The lower half of the draw features both Federer and Nadal, who would play each other in the semis. Both players have questions, as we’ve discussed with Federer. Nadal on the other hand, has severe injury questions. He played just six matches the final 3.5 months of 2018, pulling out of Cincy to rest, then making it to the Semis at the US Open, where he was forced to retire in the middle of a match against Del Potro after the proceeding two rounds where he faced greuling matches and was visibly ailing, and then withdrawing from the Paris Masters due to abdominal injury. He has not played a match since that Del Potro one in New York and while he insists he will be ready, only time will tell. Also on this side are last year’s finalist Marin Cilic, 20 year-old Greek prospect Stefanos Tsitsipas, Kevin Anderson, and American John Isner. It’s pretty tough to see what’s going to happen on this side with so many injury questions. There are intriguing younger players, but is it their time yet?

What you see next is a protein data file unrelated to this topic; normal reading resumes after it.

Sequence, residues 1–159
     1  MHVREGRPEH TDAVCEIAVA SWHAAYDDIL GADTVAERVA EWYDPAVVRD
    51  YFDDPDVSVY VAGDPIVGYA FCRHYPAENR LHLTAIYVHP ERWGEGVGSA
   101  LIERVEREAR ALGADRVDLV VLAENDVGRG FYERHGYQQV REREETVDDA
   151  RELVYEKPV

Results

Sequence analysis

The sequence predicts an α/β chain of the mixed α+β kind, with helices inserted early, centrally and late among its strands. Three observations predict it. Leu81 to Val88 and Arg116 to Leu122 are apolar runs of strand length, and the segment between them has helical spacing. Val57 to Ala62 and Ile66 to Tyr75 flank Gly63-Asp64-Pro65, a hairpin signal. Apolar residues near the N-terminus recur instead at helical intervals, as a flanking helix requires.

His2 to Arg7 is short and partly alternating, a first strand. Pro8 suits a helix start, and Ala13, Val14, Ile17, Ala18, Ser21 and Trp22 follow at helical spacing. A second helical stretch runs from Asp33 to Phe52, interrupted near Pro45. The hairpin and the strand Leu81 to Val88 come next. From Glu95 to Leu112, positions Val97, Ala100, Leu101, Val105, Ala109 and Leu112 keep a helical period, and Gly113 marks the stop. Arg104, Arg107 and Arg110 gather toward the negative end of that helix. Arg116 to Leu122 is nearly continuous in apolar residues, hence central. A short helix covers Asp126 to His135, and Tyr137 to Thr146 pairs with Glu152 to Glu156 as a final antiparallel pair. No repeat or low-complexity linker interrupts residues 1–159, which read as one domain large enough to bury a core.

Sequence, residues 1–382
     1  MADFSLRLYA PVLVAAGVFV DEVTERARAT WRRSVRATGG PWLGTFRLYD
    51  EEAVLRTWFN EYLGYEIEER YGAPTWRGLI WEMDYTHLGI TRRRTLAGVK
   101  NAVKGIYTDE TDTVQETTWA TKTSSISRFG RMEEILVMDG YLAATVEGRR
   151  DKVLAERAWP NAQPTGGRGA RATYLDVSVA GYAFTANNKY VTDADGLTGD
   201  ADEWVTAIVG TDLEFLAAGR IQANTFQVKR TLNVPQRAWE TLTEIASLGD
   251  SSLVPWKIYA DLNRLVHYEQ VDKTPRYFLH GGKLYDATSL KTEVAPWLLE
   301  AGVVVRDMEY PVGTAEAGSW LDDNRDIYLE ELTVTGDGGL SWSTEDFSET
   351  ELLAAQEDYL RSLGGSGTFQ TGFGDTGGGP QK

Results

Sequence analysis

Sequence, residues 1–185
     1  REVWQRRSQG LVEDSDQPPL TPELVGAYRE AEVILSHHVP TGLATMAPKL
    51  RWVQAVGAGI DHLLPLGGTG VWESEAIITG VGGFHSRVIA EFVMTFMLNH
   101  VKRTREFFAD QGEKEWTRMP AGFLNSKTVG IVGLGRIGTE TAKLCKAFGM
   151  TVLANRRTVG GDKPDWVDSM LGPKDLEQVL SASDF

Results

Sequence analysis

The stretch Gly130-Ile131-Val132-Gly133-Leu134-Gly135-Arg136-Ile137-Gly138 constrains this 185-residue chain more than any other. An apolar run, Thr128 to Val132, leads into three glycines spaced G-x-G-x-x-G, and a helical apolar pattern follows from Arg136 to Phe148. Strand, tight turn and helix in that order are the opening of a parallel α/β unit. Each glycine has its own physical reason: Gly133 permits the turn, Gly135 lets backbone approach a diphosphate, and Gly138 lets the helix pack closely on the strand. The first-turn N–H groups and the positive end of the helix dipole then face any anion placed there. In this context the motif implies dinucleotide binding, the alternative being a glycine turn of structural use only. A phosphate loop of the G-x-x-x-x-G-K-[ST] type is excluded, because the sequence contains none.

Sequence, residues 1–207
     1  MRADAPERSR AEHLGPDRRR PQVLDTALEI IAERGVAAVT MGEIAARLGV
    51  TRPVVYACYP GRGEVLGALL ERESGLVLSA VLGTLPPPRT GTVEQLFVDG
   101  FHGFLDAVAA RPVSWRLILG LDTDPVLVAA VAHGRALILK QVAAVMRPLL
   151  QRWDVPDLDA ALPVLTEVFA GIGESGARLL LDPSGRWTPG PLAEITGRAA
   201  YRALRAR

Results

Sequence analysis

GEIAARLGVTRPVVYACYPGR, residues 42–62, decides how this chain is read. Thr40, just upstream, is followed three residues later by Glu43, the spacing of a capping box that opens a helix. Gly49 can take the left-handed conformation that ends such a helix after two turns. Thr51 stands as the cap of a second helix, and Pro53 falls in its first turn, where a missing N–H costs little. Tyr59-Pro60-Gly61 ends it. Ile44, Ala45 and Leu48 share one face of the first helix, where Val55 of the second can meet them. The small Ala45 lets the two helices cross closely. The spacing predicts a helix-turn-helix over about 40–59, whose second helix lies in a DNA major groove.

The Pick: As much as I would love- and want to pick- a youngin heavy final, I just can’t do it until it happens. I can’t wait to watch Zverev, Tsitsipas, Chung, Coric, and Tiafoe, but none of them are compelling me to pick them to win or final yet. I also am still very weary of Nadal’s injury issues, not to mention the fact that hard court is not his surface. I will pick Nadal to win the French Open until he’s 97 years old and even if he’s got an amputated leg and a glass eye. He’s unbeatable on that surface. But hard court? Ehhhhh. I’m also queasy about Federer, at least until I see him play, but he was still a guy who won 80+% of his matches last year. So I’ll go with what I want to see: a Roger-Novak final and at this point, I’d be a fool not to pick Novak.